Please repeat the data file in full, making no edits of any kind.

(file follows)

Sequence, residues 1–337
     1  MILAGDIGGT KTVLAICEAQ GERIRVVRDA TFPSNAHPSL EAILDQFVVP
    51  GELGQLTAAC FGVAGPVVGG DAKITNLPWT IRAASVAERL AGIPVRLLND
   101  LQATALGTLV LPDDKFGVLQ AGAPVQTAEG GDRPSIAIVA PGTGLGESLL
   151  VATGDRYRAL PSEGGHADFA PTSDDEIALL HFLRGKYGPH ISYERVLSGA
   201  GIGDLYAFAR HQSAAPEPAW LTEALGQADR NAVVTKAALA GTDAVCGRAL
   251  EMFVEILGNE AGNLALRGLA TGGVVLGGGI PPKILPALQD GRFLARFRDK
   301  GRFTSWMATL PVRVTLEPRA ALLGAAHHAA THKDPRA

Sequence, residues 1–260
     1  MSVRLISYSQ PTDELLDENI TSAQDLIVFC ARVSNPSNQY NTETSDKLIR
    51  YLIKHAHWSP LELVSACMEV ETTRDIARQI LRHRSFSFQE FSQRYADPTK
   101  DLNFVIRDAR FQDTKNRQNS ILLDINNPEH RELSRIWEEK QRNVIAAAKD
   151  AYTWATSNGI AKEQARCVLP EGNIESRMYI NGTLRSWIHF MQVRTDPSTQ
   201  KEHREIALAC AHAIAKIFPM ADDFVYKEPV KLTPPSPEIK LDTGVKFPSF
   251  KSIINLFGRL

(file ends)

Sequence, residues 1–337
     1  MILAGDIGGT KTVLAICEAQ GERIRVVRDA TFPSNAHPSL EAILDQFVVP
    51  GELGQLTAAC FGVAGPVVGG DAKITNLPWT IRAASVAERL AGIPVRLLND
   101  LQATALGTLV LPDDKFGVLQ AGAPVQTAEG GDRPSIAIVA PGTGLGESLL
   151  VATGDRYRAL PSEGGHADFA PTSDDEIALL HFLRGKYGPH ISYERVLSGA
   201  GIGDLYAFAR HQSAAPEPAW LTEALGQADR NAVVTKAALA GTDAVCGRAL
   251  EMFVEILGNE AGNLALRGLA TGGVVLGGGI PPKILPALQD GRFLARFRDK
   301  GRFTSWMATL PVRVTLEPRA ALLGAAHHAA THKDPRA

Sequence, residues 1–260
     1  MSVRLISYSQ PTDELLDENI TSAQDLIVFC ARVSNPSNQY NTETSDKLIR
    51  YLIKHAHWSP LELVSACMEV ETTRDIARQI LRHRSFSFQE FSQRYADPTK
   101  DLNFVIRDAR FQDTKNRQNS ILLDINNPEH RELSRIWEEK QRNVIAAAKD
   151  AYTWATSNGI AKEQARCVLP EGNIESRMYI NGTLRSWIHF MQVRTDPSTQ
   201  KEHREIALAC AHAIAKIFPM ADDFVYKEPV KLTPPSPEIK LDTGVKFPSF
   251  KSIINLFGRL